Pre-service training before starting the job.
Entry StageUnderstanding the organization, structure, and culture;
Obtaining essential skills to perform job;
Establishing linkages with internal partners;
Exercising creativity and initiative, and;
Moving from dependence to independence.
Peer mentoring program;
Professional support teams;
Leadership coaching, and;
Orientation/job training.
Colleague StageDeveloping area of expertise;
Professional development funding;
Becoming an independent contributor in problem resolution;
Gaining membership and identity in professional community;
Expanding creativity and innovation, and;
Moving from independence to interdependence.
In-service education;
Specialization funds;
Professional association involvement;
Formal educational training, and;
Service on committees or special assignments.
Counselor
and
Advisor Stages
Acquiring a broad-based expertise;
Attaining leadership positions;
Engaging in organizational problem solving;
Counseling/coaching other professionals;
Facilitating self renewal, and;
Achieving a position of influence and stimulating thought in others.
Life and career renewal retreats;
Mentoring and trainer agent roles;
Assessment center for leadership, and;
Organizational sounding boards.
Note. *Reflects the new stage to be included in the Professional Development Model.

The motivators for the Pre-entry Stage are the Pre-entry competencies necessary for new Extension agents. The pre-entry competencies are self-management, program development process, communication skills, interpersonal skills, technical/subject matter expertise, and teaching skills. These competencies directly reflect the perceived competencies needed for new agents by current Extension agents. Florida Extension administrators and Extension personnel responsible for hiring and training new Extension agents should use these competencies as a foundation for hiring and training practices.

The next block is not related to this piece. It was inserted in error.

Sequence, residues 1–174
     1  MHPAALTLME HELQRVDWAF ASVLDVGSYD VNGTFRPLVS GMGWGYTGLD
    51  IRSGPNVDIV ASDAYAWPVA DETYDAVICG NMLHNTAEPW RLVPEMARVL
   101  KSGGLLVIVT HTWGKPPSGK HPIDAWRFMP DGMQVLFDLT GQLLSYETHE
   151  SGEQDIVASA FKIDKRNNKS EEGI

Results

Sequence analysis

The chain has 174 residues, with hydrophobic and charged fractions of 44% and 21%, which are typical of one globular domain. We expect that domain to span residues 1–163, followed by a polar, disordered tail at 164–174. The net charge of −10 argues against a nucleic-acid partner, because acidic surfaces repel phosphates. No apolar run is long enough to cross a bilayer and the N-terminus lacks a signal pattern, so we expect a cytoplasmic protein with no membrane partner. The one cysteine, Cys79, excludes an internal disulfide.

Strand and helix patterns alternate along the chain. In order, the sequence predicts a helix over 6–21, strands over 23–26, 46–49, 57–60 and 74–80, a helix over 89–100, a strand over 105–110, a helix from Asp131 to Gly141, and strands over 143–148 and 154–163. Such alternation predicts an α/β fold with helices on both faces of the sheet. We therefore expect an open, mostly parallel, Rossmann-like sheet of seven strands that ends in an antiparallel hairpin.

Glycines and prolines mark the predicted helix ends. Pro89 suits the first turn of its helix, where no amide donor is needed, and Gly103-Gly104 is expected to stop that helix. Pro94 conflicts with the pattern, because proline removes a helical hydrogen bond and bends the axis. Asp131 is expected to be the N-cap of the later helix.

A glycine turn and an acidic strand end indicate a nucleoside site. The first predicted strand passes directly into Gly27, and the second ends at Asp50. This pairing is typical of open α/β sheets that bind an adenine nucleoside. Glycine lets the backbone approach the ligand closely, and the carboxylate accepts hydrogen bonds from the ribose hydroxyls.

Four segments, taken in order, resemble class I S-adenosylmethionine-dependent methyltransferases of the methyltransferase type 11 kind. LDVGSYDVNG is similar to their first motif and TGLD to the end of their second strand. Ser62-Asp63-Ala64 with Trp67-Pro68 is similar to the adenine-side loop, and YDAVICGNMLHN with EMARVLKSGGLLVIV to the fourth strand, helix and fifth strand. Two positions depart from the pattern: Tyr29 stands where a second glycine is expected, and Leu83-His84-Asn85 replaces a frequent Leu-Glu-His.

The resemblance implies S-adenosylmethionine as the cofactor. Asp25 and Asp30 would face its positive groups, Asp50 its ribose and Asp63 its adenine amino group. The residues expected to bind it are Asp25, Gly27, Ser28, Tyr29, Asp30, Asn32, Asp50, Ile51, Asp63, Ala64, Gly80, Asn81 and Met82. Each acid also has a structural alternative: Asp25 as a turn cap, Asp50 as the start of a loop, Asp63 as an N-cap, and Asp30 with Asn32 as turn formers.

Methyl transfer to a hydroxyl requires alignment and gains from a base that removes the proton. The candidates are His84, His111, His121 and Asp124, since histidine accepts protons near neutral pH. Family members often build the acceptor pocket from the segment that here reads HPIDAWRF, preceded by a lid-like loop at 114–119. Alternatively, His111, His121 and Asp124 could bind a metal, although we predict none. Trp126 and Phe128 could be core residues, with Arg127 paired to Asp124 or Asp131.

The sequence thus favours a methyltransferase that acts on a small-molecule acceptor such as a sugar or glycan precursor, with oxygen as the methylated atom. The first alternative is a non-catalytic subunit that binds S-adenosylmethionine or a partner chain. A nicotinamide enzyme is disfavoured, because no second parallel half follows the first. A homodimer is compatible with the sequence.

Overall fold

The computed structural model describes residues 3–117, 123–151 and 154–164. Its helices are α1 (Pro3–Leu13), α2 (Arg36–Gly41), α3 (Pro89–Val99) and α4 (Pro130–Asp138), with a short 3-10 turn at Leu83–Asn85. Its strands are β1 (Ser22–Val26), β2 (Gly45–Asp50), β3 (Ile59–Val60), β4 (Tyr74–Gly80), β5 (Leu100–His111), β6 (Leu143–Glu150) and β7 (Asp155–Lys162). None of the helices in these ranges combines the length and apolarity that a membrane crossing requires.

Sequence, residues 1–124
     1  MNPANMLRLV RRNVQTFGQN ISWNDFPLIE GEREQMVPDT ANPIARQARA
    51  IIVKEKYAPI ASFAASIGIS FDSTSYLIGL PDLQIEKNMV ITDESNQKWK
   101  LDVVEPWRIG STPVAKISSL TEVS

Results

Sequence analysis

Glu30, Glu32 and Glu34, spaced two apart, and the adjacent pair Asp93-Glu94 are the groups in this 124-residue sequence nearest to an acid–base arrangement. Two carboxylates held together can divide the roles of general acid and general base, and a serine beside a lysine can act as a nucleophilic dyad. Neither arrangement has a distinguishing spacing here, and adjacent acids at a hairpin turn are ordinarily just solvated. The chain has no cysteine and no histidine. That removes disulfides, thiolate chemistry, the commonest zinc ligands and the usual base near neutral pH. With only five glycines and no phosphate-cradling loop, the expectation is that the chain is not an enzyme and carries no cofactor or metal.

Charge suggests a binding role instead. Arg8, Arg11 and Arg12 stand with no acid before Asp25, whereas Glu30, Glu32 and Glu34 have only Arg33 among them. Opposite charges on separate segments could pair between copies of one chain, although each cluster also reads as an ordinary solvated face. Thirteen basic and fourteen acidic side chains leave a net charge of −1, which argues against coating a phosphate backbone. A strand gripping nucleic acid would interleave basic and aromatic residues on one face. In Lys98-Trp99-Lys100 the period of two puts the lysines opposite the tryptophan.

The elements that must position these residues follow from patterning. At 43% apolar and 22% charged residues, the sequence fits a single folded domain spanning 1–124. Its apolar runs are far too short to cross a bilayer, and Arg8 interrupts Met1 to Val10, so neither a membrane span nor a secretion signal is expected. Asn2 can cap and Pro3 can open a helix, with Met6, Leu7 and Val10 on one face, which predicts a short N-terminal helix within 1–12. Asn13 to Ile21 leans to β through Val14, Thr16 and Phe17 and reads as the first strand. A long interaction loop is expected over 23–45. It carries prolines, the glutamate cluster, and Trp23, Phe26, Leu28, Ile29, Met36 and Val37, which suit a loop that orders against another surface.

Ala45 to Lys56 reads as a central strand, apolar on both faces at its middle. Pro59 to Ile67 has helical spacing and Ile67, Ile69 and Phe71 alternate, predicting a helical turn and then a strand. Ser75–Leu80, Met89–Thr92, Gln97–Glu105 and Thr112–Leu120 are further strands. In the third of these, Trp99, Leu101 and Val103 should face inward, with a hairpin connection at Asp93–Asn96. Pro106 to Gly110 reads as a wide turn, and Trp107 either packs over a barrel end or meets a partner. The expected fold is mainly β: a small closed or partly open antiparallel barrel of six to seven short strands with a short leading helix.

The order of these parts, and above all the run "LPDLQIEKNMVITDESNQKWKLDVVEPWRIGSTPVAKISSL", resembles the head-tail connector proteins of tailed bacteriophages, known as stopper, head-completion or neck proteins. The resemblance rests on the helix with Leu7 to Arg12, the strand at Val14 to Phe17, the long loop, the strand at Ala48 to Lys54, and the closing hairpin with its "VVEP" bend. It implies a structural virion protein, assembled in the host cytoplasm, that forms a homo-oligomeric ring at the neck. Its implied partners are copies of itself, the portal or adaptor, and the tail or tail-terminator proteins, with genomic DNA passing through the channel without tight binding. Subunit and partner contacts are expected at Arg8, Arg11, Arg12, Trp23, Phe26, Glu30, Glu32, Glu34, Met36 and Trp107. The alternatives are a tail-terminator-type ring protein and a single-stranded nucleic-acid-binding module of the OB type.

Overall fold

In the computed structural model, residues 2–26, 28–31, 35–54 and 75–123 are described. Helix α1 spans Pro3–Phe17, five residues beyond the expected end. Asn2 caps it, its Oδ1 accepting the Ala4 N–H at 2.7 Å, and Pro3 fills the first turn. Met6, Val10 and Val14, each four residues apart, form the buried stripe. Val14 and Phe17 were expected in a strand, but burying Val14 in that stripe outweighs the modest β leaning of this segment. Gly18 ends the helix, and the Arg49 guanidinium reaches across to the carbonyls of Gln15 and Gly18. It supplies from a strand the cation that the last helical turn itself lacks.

The organizational strategies for the Pre-entry Stage are a pre-service examination of competencies before entering the Extension organization and pre-service training before starting the job. A pre-service examination of competencies provides Extension administration insight into the knowledge and skill set of potential job candidates. Extension should hire candidates with the most complete set of competencies prior to entering the organization. Pre-service training is necessary to ensure that agents are capable of doing their job before entering the organization.

Recommendations

Based on these findings, the following are recommendations for practitioners. Florida Extension administrators and Extension personnel should build upon the competencies that new Extension agents possess when entering the Extension organization. Extension has an obligation to help those currently in the organization to build the skills and competencies they might be lacking. Florida Cooperative Extension should develop a pre-entry examination of skills and competencies of entry-level Extension agents.

Extension should also focus on new agent training. The results from the pre-entry examination can be used as a guide for new agent trainings. New agent training should begin soon after the first day of employment before the agent is expected to start delivering county programs. Developing a pre-entry training can be a useful tool in determining the amount of training each new agent might need to become a successful Extension agent.

Future studies are recommended to determine the specific reasons why certain pre-entry competencies were identified as necessary by Florida Extension agents. Research should be conducted in other states to identify the pre-entry competencies of Extension agents in their state's Extension organization in order to further develop and confirm the pre-entry stage of the Professional Development Model, as outlined by the researchers. Finally, it would be useful to determine the effect of hiring Extension agents who possess the necessary pre-entry competencies on employee turnover.

References